April 2020
In times of crisis, the importance of civil society as a place where people can come together to find rapid and innovative responses to local and national challenges is clearer than ever.  Recent CAF research found that in light of the coronavirus pandemic, most people (55%) said they will help in their local community. As we get stuck into local response efforts, many of us are also working hand in hand with charities that are continuing to provide vital services, networks and advice across the country.
Meanwhile, charities are hit by two crises at once. Demand for charities’ services is higher than ever, due both to the pandemic and its knock-on economic and social effects – charities are reporting a 43% rise in demand for their services.
At the same time their ability to fundraise effectively has stopped overnight as new restrictions on travel and events take their toll. This has led to charities predicting a 48% decline in voluntary income. As donations dip, volunteers self-isolate and fundraising becomes harder, charities increasingly need support to play their crucial role in helping the country through this crisis.


What do charities need?

CAF’s polling of its charity customers showed overwhelmingly that the number one thing they need is unconditional cash grants (53%) – followed by extra people to deliver services (19%). What is at stake is maintaining charities’ ability to support communities affected by coronavirus now – but we also need a resilient charity sector to remain healthy once the peak of the pandemic has passed.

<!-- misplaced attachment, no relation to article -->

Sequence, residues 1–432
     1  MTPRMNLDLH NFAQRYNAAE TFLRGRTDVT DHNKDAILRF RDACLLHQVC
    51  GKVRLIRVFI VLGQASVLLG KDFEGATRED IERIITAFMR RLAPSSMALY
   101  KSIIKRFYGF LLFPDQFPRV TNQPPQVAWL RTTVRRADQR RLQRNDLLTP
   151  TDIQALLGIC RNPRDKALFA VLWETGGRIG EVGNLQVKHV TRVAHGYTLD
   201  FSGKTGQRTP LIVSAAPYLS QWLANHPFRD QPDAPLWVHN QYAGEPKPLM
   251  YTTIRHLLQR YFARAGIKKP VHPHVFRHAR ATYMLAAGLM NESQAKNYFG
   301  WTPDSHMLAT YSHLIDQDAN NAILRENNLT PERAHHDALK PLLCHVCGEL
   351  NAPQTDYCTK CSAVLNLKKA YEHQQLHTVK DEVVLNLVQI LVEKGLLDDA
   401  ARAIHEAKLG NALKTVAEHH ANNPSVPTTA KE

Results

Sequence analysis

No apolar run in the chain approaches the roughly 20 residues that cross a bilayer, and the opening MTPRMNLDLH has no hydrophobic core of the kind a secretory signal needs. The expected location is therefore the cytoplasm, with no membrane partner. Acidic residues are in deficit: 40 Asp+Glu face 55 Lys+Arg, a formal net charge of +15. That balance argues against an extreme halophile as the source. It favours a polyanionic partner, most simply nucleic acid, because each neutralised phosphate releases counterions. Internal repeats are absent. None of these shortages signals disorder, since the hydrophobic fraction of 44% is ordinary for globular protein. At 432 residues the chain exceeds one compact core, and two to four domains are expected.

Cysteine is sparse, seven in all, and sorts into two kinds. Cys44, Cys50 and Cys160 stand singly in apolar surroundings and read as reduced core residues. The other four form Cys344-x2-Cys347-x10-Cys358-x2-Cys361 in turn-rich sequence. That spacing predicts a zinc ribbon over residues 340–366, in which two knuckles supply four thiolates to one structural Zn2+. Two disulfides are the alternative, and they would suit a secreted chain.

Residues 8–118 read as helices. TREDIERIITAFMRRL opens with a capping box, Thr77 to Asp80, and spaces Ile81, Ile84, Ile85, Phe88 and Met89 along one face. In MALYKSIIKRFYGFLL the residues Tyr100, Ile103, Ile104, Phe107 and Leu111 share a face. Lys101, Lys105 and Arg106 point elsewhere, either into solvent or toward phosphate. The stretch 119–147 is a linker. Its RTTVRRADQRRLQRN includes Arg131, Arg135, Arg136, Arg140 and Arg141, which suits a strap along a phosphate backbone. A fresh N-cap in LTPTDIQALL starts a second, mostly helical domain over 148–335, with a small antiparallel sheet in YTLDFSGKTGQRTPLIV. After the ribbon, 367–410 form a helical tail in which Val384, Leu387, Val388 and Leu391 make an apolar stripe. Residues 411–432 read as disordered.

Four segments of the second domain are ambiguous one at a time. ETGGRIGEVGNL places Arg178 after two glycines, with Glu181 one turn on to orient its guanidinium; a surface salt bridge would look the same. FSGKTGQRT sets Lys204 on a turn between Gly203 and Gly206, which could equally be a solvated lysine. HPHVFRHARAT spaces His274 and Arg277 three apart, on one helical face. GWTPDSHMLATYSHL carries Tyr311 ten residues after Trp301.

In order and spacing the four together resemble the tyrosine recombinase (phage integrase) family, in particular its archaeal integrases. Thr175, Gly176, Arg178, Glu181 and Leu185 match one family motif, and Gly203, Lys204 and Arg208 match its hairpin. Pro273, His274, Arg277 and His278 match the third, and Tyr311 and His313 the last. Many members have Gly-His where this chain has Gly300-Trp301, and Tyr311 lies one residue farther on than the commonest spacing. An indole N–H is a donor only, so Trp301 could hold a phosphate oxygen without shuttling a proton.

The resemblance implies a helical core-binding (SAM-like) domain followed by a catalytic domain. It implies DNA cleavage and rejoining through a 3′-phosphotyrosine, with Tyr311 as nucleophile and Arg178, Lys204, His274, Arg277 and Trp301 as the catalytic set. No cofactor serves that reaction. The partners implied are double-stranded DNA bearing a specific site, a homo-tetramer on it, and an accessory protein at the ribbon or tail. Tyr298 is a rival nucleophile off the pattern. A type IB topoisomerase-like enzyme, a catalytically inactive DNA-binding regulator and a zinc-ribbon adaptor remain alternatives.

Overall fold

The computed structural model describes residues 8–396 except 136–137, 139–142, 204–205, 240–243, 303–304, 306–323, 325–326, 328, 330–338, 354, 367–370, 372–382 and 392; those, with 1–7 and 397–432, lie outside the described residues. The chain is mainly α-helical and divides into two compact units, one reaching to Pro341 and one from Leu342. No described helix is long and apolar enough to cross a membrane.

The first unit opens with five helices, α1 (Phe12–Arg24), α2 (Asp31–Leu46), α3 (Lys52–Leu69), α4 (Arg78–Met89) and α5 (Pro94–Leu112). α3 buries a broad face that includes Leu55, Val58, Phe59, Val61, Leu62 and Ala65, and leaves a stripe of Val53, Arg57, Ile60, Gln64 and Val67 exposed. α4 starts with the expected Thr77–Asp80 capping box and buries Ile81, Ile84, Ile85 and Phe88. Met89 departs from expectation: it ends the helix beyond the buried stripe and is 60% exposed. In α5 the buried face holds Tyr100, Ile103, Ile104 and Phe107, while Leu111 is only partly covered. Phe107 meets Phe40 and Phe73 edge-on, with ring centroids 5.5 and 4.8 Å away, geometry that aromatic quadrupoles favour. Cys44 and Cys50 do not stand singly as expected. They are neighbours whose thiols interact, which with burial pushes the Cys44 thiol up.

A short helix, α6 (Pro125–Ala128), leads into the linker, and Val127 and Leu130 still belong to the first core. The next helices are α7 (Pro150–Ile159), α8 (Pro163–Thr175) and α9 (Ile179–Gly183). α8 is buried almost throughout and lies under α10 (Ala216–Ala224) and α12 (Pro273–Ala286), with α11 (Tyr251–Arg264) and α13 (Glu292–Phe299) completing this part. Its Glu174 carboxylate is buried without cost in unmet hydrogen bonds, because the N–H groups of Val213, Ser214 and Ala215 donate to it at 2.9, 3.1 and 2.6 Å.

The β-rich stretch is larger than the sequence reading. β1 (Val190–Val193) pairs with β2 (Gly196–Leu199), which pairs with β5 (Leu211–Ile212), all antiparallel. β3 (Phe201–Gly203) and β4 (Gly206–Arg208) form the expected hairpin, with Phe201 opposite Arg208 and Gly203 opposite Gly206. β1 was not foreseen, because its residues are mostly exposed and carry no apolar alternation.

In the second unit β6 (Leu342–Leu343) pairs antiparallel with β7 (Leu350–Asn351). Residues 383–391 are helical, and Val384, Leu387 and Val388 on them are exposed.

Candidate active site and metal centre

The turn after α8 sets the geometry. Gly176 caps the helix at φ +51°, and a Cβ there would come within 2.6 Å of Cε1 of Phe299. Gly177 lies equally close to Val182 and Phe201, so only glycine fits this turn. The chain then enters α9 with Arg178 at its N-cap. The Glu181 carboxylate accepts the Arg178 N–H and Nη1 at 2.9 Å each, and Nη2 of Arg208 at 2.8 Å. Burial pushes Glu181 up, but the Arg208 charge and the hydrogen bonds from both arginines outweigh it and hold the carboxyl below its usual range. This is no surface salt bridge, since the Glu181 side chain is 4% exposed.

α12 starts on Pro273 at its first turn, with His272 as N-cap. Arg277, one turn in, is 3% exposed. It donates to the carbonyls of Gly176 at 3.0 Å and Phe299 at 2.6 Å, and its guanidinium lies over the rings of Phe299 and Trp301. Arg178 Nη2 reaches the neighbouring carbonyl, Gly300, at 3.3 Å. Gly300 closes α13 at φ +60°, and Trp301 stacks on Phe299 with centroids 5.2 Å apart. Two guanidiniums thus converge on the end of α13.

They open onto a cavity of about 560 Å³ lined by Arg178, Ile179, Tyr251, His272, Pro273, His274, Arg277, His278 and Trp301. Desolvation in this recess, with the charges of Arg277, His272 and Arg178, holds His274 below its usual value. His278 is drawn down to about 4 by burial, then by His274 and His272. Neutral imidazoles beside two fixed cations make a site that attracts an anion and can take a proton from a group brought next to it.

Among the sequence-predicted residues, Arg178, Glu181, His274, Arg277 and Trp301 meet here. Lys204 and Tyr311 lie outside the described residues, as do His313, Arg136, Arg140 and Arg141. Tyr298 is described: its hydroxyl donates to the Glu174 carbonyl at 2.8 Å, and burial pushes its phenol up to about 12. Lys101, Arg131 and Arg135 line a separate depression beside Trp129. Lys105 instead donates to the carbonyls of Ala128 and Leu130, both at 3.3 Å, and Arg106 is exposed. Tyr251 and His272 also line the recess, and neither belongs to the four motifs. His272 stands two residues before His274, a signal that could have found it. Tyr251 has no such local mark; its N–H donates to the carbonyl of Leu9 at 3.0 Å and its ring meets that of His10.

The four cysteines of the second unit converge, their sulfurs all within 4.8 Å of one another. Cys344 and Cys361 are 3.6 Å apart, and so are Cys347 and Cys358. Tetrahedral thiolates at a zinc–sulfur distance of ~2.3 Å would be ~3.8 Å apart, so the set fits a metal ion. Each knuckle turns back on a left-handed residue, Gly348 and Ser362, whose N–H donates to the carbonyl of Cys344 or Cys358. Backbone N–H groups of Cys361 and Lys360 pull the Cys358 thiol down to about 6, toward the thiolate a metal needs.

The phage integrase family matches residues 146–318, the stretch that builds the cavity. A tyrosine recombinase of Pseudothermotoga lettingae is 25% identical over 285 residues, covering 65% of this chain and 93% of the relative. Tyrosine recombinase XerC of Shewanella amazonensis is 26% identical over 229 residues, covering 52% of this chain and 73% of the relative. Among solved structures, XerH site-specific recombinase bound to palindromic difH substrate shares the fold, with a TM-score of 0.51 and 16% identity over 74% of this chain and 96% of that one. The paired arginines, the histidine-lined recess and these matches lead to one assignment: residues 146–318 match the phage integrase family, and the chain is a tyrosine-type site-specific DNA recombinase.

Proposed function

Despite the Government’s package for charities, the sheer scale of the funding crisis facing charities right now means that more support will be needed in both the short and long term.

We believe philanthropy and charitable giving can play an important role in supporting civil society through and after the current crisis, but to mobilise generosity of the scale necessary will require additional Government support and stimulus.

Our recommendations

In this briefing we outline a number of immediate and medium term measures we believe should be taken to support charities at this difficult time. This is in addition to the sector calls for a charity specific fund.  Our proposals focus on recommendations for:

  • Government support for giving
  • Repurposing public and private charitable assets
  • Adapting philanthropic funding approaches and behaviour
  • Leveraging endowed assets
  • The response from business
  • The regulatory response


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